Publication Type:

Journal Article


Indian Journal of Medical Research, Volume 128, Number 2, p.165-171 (2008)



amoxicillin, ampicillin, Anti-Infective Agents, antibiotic resistance, antiinfective agent, article, cefalexin, cephalosporin, ciprofloxacin, cotrimoxazole, coughing, diarrhea, doxycycline, ear infection, erythromycin, fever, gentamicin, health care facility, human, India, infection, macrolide, norfloxacin, nose infection, patient selection, penicillin derivative, penicillin G, pharyngitis, physician attitude, Physician's Practice Patterns, prescription, Prescriptions, Public Health Practice, quinoline derived antiinfective agent, respiratory tract infection, rural area, Rural health, tetracycline, tetracycline derivative, urban area, Urban Health


Background & objectives: Irrational use of antimicrobials is a key factor behind rapidly spreading antimicrobial resistance in microorganisms. This study was undertaken to determine the rate and pattern of antimicrobial prescribing in patients with uncomplicated acute respiratory infections, fever and diarrhoea attending a few rural and urban health settings. Methods: The study was done in primary and secondary health care facilities of public/government and private settings at four sites in India. Patients with fever, cough, diarrhoea or ear, nose or throat infections of <7 days were included. Pregnant women, lactating mothers, infants, seriously ill patients and patients with bloody diarrhoea or purulent nasal or ear discharge were excluded. Results: Overall antimicrobial prescription rate was 69.4 per cent (95% CI 67.1, 71.7). Wide variation was observed (Thiruvananthapuram 47.6%, Lucknow 81.8%, Chennai 73.1% and Vellore 76.5%). Physicians practicing in rural and public/government settings prescribed antimicrobials more frequently than those in urban and private settings (83.8, 81.9, 68.3 and 68.2% respectively). Antimicrobials were more frequently prescribed for patients presenting with fever. Highest rate was noticed for children aged between 6 and 18 yr. Patients of the high-income group received antimicrobials more frequently (72.7%). In both public/ government and private settings, for patients who purchased medicines, the rate was higher (82.4 and 68.9% respectively), vs. those receiving free medicines (70.2 and 46.2% respectively). Two third of all antimicrobials prescribed were penicillins and co-trimoxazole, and >40 per cent of prescriptions from private sector were quinolones and cephalosporins. Interpretation & conclusions: Our findings showed that prescription of antimicrobials for acute respiratory infections and diarrhoea was extremely common and warrants interventional strategies.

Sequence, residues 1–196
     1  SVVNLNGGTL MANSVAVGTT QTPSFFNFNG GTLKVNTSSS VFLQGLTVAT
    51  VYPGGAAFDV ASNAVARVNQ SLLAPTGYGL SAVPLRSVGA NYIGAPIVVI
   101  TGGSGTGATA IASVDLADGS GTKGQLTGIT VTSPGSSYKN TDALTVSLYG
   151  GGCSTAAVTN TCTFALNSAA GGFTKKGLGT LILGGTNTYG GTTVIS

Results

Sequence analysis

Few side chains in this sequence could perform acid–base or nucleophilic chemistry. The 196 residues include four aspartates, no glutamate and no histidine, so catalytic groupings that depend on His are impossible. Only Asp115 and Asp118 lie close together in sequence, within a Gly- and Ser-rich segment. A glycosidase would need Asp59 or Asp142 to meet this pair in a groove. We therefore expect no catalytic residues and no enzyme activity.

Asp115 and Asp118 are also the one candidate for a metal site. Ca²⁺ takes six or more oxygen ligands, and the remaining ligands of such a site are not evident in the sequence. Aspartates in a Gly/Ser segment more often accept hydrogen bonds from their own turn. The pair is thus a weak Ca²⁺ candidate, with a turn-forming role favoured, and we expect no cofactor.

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Cite this Research Publication

K. SaKumari India, Chandy, S. Jb, Jeyaseelan, Lc, Kumar, Rd, and Suresh, Se, “Antimicrobial prescription patterns for common acute infections in some rural & urban health facilities of India”, Indian Journal of Medical Research, vol. 128, pp. 165-171, 2008.